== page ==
Smarrt's secondary outcomes examined changes in health and quality of life. In the control group, people’s dementia risk factors worsened over time. This was likely due to the isolating effects of the pandemic, Yaffe said. Supporting this, Kivipelto noted that a survey of more than 23,000 people in 20 countries done by the worldwide Fingers consortium found that the pandemic led to a reduction in healthy behaviors such as exercise and social contact. In the Smarrt treatment group, however, people maintained the same health they started with at baseline. Similarly, questionnaires asking about quality of life found a drop in the control group, but a rise in the treatment group. The results suggest that personalized coaching can help people improve their health, Yaffe said.

Other recent studies support this idea. For example, the Exert study of exercise enrolled people with mild cognitive impairment. It found that both the treatment and control groups, whose members each met with personal trainers at their local YMCAs, better maintained their mental skills on the ADAS-Cog-Exec than did age-matched peers from the ADNI observational study. Exert participants had no hippocampal atrophy during the study, while ADNI participants did. The study measured AD blood biomarkers as well, but has not yet reported those data (Aug 2022 conference news).

On the other hand, a new lifestyle study examining the benefits of exercise and meditation came up negative. Led by Eric Lenze at Washington University in St. Louis, it enrolled 585 older adults who were concerned about their memories, but were cognitively normal on tests. In the treatment groups, 138 participants worked out for five hours per week, 150 meditated for an hour a day to relieve stress, and 144 did both. After 18 months, their memory and executive function skills were no better than those of the 153 controls (Lenze et al., 2022). Since cognition in controls did not drop in this study, Lenze and colleagues were unable to determine whether the intervention might delay the onset of later cognitive problems. The researchers will continue to follow participants for five years to find out if exercise and meditation slows mental slippage down the road.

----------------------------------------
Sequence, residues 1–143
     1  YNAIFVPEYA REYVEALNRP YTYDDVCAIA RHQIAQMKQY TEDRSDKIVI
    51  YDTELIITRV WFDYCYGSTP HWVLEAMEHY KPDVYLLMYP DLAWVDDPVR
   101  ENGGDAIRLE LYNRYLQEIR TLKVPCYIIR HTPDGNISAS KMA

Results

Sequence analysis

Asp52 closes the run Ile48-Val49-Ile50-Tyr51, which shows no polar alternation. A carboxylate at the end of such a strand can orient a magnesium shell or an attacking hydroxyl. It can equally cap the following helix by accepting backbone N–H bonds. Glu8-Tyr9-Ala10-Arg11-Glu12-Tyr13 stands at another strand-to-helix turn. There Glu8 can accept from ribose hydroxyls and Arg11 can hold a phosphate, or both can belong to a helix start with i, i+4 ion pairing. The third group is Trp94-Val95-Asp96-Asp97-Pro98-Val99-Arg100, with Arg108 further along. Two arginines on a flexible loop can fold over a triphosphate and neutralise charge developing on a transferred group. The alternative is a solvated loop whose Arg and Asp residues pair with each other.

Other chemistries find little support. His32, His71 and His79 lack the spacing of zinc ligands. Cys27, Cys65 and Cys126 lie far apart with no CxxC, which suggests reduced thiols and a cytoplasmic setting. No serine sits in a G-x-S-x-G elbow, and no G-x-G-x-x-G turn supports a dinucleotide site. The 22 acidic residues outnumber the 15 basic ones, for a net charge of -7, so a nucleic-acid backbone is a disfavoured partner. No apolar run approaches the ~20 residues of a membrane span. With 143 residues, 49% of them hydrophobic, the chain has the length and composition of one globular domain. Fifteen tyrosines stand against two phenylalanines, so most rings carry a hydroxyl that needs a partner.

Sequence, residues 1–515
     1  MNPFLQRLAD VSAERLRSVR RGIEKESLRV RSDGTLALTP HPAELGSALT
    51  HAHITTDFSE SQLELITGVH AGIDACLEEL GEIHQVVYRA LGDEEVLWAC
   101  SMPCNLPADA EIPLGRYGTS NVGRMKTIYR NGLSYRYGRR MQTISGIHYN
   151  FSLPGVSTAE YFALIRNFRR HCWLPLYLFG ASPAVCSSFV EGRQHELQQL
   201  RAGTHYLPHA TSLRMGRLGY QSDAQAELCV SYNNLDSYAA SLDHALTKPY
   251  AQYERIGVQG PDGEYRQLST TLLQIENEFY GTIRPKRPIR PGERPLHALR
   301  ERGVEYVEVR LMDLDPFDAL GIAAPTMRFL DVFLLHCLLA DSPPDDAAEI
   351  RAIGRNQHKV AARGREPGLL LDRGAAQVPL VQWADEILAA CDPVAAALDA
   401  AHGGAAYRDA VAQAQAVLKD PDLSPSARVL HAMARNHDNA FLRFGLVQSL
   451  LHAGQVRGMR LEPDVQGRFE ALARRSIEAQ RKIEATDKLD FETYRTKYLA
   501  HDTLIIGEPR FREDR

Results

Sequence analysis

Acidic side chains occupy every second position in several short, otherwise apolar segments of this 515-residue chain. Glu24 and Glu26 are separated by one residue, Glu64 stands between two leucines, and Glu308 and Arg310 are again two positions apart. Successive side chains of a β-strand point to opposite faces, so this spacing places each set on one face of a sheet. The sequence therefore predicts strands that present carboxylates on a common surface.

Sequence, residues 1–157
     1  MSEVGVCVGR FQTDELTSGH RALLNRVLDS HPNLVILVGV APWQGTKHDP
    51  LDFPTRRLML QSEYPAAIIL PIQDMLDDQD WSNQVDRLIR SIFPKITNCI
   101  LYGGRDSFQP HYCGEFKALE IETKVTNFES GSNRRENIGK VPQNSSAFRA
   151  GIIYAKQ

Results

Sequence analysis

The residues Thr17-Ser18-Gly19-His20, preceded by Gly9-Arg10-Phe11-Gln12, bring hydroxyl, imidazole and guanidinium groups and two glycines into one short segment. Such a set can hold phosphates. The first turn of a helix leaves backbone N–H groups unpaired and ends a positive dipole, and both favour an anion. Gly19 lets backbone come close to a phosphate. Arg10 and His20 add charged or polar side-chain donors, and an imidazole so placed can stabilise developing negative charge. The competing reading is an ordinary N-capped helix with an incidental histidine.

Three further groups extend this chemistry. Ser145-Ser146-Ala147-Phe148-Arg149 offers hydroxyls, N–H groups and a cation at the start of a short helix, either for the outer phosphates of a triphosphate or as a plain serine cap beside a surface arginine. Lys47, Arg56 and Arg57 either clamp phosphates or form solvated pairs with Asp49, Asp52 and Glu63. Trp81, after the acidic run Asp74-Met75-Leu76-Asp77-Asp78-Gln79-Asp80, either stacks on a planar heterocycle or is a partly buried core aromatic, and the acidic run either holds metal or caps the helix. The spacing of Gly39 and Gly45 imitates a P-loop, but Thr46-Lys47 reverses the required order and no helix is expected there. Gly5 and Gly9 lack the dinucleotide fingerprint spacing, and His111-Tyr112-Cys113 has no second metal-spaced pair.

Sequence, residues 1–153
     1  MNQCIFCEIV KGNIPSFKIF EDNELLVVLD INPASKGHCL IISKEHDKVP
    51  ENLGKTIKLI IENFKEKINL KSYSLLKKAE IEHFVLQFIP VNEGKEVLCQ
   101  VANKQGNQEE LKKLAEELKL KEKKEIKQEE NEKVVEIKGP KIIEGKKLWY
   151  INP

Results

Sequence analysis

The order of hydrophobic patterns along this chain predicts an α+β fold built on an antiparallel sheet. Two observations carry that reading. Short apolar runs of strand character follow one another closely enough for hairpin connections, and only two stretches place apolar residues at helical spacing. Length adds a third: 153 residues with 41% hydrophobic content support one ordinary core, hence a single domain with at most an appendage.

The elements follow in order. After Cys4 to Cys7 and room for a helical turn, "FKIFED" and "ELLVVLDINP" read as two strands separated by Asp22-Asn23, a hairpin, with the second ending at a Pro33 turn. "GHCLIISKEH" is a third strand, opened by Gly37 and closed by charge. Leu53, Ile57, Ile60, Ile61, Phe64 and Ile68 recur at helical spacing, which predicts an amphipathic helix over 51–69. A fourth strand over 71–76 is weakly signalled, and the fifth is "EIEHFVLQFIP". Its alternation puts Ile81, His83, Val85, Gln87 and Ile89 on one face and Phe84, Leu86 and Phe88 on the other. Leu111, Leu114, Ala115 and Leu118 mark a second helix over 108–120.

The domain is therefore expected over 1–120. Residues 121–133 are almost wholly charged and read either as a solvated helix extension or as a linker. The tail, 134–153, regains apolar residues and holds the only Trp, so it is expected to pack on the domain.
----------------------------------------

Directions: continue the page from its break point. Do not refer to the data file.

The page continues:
At CTAD, Kivipelto said that to be successful, lifestyle interventions may have to target several risk factors at once. There may also be optimal windows when changing behavior makes a difference. Moreover, several studies suggest that coaching and social support, such as participants in Smarrt received, is crucial for helping people make lifestyle changes and stick to them, Kivipelto said.

The original Finger trial has now spawned some two dozen studies in more than 45 countries. Fifteen of these trials are still ongoing, including U.S. Pointer and the LatAm Finger (Aug 2017 conference news).

Kivipelto currently focuses on Finger 2.0. This iteration aims to incorporate pharmaceuticals to lifestyle changes. For example, the Mind-AD trial adds the medical food Fortasyn Connect to the Finger intervention (Sindi et al., 2022; Nov 2017 news). The Phase 2b Met-Finger trial, enrolling 600 people from Finland, Sweden, and the U.K., includes the diabetes drug metformin, which improves metabolism.

Kivipelto suggested future trials test Alzheimer’s-specific drugs such as anti-amyloid antibodies on top of lifestyle interventions. Researchers at CTAD who follow anti-amyloid treatments proposed that, for people whose underlying disease is confirmed to be Alzheimer's, a productive time to redouble efforts on lifestyle might be after amyloid has been removed, when the brain may be able to recover.—Madolyn Bowman Rogers


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News Citations

  1. Healthy Lives, Healthy Minds: Is it Really True?
  2. Exercise Boosts Cognition In Symptomatic Disease
  3. Neither Exercise Nor Supplements Boost Cognition in Two Large Studies
  4. PreDIVA Trial Falls Short
  5. Exercise Program Fails to Ease Dementia
  6. Lancet Commission Claims a Third of Dementia Cases Are Preventable
  7. Lancet Commission’s Dementia Hit List Adds Alcohol, Pollution, TBI
  8. In the U.S., 40 Percent of All-Cause Dementia Is Preventable
  9. Health Interventions Boost Cognition—But Do They Delay Dementia?
  10. Lifestyle Interventions May Fend Off Decline; Social Contact Helps
  11. New Dementia Trials to Test Lifestyle Interventions
  12. LipiDiDiet Data Published

Paper Citations

  1. . Engaging Patients to Design the Systematic Multi-Domain Alzheimer's Risk Reduction Trial (SMARRT) Intervention: Findings from a Web-Based Survey. J Alzheimers Dis Rep. 2020 Jul 23;4(1):255-260. PubMed.
  2. . Systematic Multi-Domain Alzheimer's Risk Reduction Trial (SMARRT): Study Protocol. J Alzheimers Dis. 2018 Nov 23; PubMed.
  3. . Effects of Mindfulness Training and Exercise on Cognitive Function in Older Adults: A Randomized Clinical Trial. JAMA. 2022 Dec 13;328(22):2218-2229. PubMed.
  4. . Multimodal Preventive Trial for Alzheimer's Disease: MIND-ADmini Pilot Trial Study Design and Progress. J Prev Alzheimers Dis. 2022;9(1):30-39. PubMed.

Further Reading